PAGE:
Answers for Me consists of hundreds of diverse articles from authors all over. Included are five blogs that serve up an endless variety of delightful reading adventures.T he blogs represent a collection of five short, yet insightful windows that provide readers with insightful perspectives on everyday life that are mixed with grace, compassion, and integrity. They can be accessed here.
Sponsored by the Pacific Union Conference of Seventh-day Adventists, the blogs are written by Jael Amador, Ph.D., Rich DuBose, M.A, Madeleine Lowe, B.A., Karen Spruill, M.A., and Pamela A. Williams, MPH, RD. Several are involved in the healing professions and hail from a variety of backgrounds.
Amador is a licensed psychologist in New York City. Spruill is a retired mental health counselor who writes from Orlando, Florida. Williams is a nutrition educator from Costa Mesa, California. Lowe is recently married and lives in the mid-western city of Indianapolis, Indiana. DuBose, a pastor and church resource developer, is unique for two reasons. First, he’s the only male among the five scribes, and second, he lives in a rural hamlet in northern California.
Each blog resonates with the voice of its respective author. Amador, Lowe, and Williams bring the specialized expertise and energy of young professionals. DuBose and Spruill write from the perspective of decades spent wrestling with issues forged at the intersection of faith and culture. We will consider each alphabetically by blog title.
Anchor Points tops the page and represents the writings of DuBose. In addition to a penchant for bringing theological issues into clear, down-to-earth focus, DuBose is also a skilled wordsmith. His writings distill deep lessons on the subtle turn of a word. Titles like “Wise Men from the West,” “Mad at Death” and “A Demon-Possessed Messiah” arrest the curiosity of readers. They draw readers in to short, captivating discussions that reveal the simplicity and beauty of eternal truths as seen through the fractured lenses of the everyday. Nowhere is that more on display than in “How to Know God,” a piece that reduces what is often considered an abstract theoretical equation to a common sense analogy that can easily be sensed and applied in daily living.
The second blog on the page, Beyond Words, features photographs captured by Pamela Williams, a photographer, writer, and nutritionist from southern California. Her love for photography is coupled with scriptural insights that bring hope and healing. In the past, Williams wrote articles for a blog titled, Second Thoughts, that feature her expertise and interests in health. Her articles can still be accessed in Second Thoughts” under the “Blogs” tab.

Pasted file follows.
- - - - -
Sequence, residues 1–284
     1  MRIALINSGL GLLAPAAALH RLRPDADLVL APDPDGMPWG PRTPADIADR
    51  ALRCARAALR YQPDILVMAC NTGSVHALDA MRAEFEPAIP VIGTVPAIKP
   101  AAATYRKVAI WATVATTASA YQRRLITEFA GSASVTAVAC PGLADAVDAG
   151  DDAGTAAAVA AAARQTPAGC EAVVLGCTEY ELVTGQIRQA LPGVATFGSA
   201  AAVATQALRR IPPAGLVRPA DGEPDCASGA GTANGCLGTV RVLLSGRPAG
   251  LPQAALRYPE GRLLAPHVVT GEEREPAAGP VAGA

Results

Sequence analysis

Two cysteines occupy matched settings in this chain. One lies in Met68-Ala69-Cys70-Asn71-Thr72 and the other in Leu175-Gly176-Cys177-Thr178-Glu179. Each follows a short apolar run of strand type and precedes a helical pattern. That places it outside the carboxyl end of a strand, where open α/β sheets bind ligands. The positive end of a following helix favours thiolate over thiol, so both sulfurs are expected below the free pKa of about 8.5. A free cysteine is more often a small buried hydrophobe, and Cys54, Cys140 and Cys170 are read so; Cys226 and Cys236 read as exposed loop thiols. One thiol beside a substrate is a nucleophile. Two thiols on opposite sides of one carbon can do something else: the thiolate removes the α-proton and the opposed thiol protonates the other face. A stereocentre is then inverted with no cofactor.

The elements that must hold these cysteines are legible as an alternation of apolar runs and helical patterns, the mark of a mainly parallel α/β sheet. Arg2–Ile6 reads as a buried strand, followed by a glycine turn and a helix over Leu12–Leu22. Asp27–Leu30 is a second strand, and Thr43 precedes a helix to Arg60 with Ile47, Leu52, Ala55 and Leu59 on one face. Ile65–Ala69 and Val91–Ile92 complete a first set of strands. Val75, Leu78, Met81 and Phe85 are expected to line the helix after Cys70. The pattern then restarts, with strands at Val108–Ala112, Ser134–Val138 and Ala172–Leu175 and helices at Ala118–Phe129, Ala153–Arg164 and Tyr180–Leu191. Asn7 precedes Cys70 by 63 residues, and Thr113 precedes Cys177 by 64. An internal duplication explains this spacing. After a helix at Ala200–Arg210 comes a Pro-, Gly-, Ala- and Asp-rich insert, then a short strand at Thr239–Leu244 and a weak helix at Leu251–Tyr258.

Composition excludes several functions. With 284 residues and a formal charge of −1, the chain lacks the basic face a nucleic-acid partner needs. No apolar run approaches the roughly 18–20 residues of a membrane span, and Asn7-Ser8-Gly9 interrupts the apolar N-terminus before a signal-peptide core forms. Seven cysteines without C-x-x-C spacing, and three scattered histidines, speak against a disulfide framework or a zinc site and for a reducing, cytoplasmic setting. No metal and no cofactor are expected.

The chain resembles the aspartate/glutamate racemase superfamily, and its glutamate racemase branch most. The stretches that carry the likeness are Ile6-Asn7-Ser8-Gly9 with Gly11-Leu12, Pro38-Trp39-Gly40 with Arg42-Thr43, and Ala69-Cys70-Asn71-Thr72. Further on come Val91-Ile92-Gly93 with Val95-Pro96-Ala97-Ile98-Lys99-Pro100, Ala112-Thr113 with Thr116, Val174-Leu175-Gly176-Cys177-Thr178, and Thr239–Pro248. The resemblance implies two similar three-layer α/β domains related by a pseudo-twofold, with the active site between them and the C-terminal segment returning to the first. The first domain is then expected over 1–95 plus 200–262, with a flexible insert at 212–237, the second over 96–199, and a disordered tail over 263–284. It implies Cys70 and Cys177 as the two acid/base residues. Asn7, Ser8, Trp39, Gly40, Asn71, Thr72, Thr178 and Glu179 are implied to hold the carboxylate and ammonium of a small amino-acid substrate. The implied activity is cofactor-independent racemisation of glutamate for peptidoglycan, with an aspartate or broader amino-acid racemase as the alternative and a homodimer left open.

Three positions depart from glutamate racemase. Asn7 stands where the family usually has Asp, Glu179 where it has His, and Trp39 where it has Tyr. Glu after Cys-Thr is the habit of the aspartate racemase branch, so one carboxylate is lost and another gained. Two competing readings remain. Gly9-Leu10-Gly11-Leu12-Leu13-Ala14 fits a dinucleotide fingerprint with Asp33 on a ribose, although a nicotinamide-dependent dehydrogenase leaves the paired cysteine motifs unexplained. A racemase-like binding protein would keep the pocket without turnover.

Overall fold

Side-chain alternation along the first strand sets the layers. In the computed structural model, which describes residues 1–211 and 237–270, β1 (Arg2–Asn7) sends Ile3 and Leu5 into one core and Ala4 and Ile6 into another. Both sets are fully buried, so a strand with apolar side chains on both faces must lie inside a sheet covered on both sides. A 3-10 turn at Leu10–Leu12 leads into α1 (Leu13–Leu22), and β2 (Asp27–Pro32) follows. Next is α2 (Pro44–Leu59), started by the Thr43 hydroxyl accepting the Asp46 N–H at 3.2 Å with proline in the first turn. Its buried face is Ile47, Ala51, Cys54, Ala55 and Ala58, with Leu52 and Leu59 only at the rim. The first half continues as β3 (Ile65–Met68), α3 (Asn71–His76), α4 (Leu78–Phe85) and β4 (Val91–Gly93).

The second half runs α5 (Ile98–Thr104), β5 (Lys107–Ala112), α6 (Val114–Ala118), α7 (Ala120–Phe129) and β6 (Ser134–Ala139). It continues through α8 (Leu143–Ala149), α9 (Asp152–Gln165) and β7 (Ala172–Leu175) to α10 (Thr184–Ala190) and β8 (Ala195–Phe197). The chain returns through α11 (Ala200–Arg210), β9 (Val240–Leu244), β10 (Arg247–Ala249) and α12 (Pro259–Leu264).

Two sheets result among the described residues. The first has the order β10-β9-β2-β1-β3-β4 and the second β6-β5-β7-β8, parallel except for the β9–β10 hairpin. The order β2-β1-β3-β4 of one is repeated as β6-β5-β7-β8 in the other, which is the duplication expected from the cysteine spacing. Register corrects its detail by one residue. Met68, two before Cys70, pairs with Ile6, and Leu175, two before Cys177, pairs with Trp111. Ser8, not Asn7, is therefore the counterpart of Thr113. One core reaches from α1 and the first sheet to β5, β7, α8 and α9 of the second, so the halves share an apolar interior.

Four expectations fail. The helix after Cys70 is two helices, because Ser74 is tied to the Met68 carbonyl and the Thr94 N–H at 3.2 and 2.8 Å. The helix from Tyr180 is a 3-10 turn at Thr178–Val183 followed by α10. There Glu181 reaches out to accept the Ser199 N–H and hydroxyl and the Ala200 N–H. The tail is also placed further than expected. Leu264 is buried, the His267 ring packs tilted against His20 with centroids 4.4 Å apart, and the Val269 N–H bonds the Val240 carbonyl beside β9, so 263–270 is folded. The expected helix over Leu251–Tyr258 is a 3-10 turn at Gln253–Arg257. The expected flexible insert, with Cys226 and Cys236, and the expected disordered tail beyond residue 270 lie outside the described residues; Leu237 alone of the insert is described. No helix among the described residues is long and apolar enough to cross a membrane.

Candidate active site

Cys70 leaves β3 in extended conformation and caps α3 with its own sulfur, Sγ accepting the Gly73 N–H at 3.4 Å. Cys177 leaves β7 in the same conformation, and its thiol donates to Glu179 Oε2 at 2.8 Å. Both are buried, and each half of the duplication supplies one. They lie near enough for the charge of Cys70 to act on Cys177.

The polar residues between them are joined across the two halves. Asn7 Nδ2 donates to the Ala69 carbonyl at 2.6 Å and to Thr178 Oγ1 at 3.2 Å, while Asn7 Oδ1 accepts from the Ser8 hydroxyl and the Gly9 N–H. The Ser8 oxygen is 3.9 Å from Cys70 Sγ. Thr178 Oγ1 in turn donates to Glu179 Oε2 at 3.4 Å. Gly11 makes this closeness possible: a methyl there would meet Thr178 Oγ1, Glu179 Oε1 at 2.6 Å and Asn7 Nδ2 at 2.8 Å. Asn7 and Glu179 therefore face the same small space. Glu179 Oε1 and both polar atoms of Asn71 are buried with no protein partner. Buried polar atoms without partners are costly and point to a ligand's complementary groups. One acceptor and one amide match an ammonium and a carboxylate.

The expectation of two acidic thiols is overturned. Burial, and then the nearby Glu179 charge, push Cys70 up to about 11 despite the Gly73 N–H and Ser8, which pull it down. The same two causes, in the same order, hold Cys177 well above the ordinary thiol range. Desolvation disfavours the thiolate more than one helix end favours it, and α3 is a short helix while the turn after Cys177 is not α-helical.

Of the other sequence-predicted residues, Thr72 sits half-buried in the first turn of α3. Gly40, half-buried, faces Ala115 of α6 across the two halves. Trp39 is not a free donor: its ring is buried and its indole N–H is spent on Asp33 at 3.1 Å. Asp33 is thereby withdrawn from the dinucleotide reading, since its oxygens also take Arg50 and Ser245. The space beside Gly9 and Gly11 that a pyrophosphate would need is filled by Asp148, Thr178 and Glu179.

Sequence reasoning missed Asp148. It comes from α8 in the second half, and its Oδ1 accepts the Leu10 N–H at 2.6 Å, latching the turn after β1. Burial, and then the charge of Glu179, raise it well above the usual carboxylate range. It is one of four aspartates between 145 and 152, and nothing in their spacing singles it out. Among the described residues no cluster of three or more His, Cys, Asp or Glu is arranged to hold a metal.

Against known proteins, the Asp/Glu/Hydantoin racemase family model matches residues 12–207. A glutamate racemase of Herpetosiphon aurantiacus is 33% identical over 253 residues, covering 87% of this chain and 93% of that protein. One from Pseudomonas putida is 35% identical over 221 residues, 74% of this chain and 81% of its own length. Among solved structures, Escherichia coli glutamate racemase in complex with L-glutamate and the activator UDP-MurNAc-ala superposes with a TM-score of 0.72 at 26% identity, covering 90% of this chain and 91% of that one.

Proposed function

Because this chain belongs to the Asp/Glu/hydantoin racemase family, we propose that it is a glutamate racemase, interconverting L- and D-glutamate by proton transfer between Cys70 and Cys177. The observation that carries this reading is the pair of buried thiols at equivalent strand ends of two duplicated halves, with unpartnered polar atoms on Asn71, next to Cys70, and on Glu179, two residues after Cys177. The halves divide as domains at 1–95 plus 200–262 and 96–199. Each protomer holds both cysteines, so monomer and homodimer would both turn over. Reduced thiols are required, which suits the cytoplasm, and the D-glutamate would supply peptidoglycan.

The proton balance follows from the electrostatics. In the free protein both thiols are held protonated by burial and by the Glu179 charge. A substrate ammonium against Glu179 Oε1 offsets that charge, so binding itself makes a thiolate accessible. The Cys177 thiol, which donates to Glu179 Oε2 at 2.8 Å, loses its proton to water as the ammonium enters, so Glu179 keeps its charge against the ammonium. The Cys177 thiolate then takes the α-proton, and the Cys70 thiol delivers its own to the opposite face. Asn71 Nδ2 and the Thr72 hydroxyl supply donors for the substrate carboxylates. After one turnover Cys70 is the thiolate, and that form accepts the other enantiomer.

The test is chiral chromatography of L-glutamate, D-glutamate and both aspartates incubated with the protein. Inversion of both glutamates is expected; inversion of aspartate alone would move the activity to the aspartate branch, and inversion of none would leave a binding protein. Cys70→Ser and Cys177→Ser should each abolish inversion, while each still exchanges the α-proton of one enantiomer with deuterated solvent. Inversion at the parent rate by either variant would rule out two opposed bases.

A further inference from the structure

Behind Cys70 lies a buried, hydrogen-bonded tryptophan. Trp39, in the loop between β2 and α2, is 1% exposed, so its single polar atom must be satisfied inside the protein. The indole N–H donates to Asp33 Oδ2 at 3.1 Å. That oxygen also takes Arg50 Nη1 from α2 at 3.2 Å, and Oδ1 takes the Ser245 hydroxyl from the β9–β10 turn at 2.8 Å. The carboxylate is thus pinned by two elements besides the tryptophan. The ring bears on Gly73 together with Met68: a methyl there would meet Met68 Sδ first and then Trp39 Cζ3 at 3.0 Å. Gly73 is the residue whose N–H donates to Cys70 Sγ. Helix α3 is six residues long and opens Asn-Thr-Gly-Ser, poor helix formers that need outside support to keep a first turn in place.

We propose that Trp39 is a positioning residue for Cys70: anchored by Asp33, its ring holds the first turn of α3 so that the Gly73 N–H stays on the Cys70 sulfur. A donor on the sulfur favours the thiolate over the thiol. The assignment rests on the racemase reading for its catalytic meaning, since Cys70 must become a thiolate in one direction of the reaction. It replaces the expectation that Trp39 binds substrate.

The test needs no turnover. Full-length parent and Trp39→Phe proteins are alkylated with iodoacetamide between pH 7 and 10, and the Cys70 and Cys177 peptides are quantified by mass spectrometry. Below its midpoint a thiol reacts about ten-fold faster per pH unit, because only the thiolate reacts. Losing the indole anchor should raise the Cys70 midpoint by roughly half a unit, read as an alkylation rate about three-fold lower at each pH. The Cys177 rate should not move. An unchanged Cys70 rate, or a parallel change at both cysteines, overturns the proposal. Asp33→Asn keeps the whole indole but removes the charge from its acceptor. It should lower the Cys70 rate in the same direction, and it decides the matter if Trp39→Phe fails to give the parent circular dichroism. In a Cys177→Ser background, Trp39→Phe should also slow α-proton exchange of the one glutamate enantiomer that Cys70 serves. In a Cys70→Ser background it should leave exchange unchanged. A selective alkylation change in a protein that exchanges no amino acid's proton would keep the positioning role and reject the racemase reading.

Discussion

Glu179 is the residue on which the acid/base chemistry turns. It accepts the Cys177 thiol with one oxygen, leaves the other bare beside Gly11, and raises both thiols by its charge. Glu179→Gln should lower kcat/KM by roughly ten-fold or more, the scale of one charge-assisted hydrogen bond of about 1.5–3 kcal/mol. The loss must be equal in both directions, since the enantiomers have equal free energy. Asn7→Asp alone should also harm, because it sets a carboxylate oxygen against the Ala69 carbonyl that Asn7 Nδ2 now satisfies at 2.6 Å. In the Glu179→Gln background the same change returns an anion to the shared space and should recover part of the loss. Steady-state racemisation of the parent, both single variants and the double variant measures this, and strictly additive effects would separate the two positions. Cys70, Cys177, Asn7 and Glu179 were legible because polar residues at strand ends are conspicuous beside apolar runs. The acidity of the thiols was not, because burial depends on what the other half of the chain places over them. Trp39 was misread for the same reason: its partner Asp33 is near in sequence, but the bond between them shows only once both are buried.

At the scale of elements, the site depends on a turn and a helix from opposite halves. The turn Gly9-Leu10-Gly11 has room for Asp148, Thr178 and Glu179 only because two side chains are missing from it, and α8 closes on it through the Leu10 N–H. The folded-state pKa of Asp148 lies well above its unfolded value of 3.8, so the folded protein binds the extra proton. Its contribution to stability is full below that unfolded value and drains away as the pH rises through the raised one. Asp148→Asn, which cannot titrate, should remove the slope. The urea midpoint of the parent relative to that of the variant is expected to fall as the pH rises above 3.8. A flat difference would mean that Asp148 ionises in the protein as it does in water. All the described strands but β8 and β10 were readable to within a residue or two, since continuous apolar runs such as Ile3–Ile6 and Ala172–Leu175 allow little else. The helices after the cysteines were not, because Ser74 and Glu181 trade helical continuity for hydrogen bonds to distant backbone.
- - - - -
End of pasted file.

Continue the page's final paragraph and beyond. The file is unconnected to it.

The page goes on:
Maddie Lowe, a young adult from North Dakota, who currently lives in Indiana, shares her everyday joys, struggles, and spiritual discoveries in her Crossings blog. Each life stage has its challenges and delights which Maddie transparently shares along the way. You will also enjoy some devotional thoughts mixed in from her father, Michael Temple.
In her blog, In Between, Amador blends equal parts whimsy and spirituality. One article, “The Agitator,” asks if readers know the names of three common items: the dot over the letter “i,” the metal eraser holder at the end of a pencil, or the tiny groove running from the bottom of their noses to the tops of their lips. After naming them, Amador reveals that the large column inside a washing machine is called an agitator. She writes that without one a washing machine is useless. Its function is to jostle wet clothes against other clothing to dislodge dirt and grime. She adds that agitators can’t withstand the weight of a four-year-old child attempting to recreate the Magic Kingdom teacup ride. Amador ends with a statement that God often agitates our lives to achieve His purpose.
Spruill’s blog, Life Notes, accords with her stated purpose in writing it. She observes that there is always good, solid wisdom to be discovered by wading through the mundane and ordinary. “Profound is usually smiling just below the surface of daily ritual,” she says, “waiting for those three seconds of wholehearted awareness we’re capable of. This is where God often speaks uninterruptedly. And this is where I like most to listen, and on a good day, take notes.” In articles like “Show us the Father,” “Asking Why?” and “Prejudice,” Spruill opens the pages of her notes and lets readers peer into her own struggles for authentic faith and openness as a child of God. Unlike her three fellow authors, she often ends her reflections with a brief, life-application section.
Some readers may have a preference or affinity for one author over the others. Conversely, they may find that each different viewpoint offers something valuable.
Taken together, the 240-plus articles and vignettes are something like a jar full of tasty and practical spiritual vitamins.
Or better yet, a box of delicious chocolates that are also very good for you.
James Ponder writes from Southern California.© 2002 - 2021, AnswersForMe.org. All rights reserved. Click here for content usage information.